Spy

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I met writer/director Paul Feig at a film convention in Las Vegas, and we had a great conversation about film. His second movie with Melissa McCarthy (afterBridesmaids) was The Heat. Audiences loved it. I didn’t. Aside from a few funny scenes, McCarthy was unlikable and not that funny.

This movie is going to be similar to The Heat in the fact that audiences will love it more than I did. Yet it had enough going for it that it gets a mild recommendation.

The first problem is that this is a spy spoof; mostly a James Bond spoof (the opening song/credit sequence, the various weapons, etc.). Not the most novel idea to spoof, especially when we had the brilliant Kingsman: The Secret Service a few months ago. The movie has some jokes that were in that, Top Secret, and Austin Powers; all parodies that were done better.

You get the premise clearly from the trailers. Susan Cooper (McCarthy) is a CIA analyst working in an office and helping Agent Bradley Fine (Jude Law) when he’s out in the field. He has a nasty tangle up with criminal Raina Boyanov (Rose Byrne), and because names get revealed, the CIA needs somebody that’s an unknown. Enter Cooper, who can wear a cat T-shirt, big glasses and hair, and look like an annoying aunt on vacation. She’s merely supposed to follow and report back, but things in spy flicks never work out that easily.

[I wonder why the last decade or so, when people do a spoof movie, the movie ends up becoming the exact film it’s spoofing (remember Kick-Ass?)]

There’s a nuclear bomb that might end up in the hands of terrorists. There’s a rogue agent, played by Jason Stratham. He steals ever scene he’s in, as he tries to work this detail, even though he quit after arguing with the boss (an always welcome Allison Janney).

When Janney first starts giving Cooper a hard time, it’s refreshing that it’s about her pink eye. This movie doesn’t rely on fat jokes. They joke about her having no field experience or her outfits, not her size.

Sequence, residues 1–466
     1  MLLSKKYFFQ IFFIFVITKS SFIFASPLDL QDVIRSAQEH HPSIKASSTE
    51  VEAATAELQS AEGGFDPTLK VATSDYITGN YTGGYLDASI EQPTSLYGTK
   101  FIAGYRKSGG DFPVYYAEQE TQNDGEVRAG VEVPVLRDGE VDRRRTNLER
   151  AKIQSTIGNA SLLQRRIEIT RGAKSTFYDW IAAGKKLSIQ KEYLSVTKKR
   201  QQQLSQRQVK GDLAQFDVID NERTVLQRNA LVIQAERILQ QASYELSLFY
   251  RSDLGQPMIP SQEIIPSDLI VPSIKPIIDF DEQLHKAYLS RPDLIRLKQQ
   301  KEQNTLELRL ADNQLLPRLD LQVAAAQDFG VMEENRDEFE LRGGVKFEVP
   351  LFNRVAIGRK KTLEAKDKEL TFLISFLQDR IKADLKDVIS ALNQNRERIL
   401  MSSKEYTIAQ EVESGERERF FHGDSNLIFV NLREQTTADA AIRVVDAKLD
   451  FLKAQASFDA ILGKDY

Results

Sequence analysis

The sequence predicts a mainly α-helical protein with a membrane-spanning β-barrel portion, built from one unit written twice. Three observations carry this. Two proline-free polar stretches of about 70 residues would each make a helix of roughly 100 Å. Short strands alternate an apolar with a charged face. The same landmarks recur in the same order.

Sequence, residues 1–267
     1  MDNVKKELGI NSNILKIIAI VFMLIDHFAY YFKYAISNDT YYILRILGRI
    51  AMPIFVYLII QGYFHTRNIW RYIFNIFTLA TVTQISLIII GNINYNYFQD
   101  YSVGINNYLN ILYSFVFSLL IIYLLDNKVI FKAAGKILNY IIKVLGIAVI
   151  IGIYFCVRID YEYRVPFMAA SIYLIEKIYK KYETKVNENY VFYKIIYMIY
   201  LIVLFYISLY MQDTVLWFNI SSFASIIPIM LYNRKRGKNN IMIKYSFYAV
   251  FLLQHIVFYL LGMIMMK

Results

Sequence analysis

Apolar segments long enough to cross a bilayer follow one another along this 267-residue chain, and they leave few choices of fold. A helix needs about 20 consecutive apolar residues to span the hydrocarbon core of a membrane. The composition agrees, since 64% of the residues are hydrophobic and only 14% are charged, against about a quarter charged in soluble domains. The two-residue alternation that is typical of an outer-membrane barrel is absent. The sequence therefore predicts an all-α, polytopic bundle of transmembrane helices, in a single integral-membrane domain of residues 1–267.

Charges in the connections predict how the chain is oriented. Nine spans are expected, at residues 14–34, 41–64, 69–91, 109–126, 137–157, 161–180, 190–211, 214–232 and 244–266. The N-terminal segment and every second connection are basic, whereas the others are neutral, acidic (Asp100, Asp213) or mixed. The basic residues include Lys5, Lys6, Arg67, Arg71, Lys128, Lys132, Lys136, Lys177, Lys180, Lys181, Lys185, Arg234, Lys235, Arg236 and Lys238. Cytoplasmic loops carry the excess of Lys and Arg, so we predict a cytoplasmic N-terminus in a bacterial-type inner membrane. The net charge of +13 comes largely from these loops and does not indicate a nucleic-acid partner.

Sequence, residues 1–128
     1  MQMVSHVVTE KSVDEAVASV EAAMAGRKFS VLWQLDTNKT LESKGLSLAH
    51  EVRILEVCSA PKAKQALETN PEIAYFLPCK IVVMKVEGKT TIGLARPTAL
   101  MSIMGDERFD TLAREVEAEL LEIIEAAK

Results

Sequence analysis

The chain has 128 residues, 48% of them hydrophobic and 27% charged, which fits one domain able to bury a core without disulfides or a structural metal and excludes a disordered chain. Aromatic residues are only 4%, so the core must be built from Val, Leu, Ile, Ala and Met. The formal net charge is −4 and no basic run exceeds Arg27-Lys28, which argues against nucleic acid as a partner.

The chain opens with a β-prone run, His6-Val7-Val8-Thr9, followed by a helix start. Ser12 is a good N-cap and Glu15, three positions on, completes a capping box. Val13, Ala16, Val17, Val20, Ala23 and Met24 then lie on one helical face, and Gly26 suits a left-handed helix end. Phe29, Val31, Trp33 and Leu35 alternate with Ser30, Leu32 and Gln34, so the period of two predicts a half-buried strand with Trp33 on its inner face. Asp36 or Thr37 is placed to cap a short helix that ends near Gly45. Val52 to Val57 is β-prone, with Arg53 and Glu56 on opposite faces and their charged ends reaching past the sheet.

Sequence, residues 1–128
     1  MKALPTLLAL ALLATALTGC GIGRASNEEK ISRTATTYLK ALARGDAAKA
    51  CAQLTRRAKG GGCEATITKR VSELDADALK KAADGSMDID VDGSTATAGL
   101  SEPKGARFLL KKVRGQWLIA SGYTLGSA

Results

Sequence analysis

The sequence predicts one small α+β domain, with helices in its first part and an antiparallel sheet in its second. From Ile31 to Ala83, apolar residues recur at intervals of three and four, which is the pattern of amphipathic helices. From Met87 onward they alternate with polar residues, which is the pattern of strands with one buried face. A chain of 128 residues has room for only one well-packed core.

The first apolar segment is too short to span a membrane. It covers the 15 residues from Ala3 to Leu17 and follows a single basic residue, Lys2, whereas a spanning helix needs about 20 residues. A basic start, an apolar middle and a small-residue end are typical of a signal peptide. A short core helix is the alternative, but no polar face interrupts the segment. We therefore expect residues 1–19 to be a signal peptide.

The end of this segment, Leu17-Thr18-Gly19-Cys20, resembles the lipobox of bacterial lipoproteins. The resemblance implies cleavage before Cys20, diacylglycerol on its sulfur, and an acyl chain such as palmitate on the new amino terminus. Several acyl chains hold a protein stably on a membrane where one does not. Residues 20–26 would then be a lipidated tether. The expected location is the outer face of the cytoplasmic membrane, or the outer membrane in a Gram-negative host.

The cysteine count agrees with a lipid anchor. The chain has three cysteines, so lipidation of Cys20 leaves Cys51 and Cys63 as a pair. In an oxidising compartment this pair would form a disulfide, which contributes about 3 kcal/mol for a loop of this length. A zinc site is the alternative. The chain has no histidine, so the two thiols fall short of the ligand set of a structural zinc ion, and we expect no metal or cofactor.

Miranda Hart plays the friend/co-worker, who has a surprisingly large amount of unfunny lines.

Critics are praising the performance of Australian actress Rose Byrne, but most of her lines didn’t work, either; although a fight scene with her and McCarthy in a kitchen, rivals the hysterical slow-motion scene in the last X-men movie. It was brilliantly done.

And on the subject of critics, I’m baffled by this movie being ranked in the 90% range on Rotten Tomatoes. This is a rare comedy that both critics and audiences will love. The crowd at the screening I was at went nuts over this.

Bobby Cannavale has a few scenes as crime lord De Luca, who’s interested in buying the nuke.

Half of the lines rapper 50 Cent is given work.

Since the film is a spoof, you don’t have to worry about all the unrealistic things in it. Hell, if we can believe James Bond isn’t hit by machine gun fire, we can certainly look past that here. Yet for a spoof, it didn’t have as many laughs as it should’ve.

The set pieces were fun, but the story was a bit uneven.

The soundtrack was disappointing (aside from Mozart, and Karen O of the Yeah, Yeah, Yeahs).

This gets 2 ½  stars out of 5 from me, but audiences will rank it higher.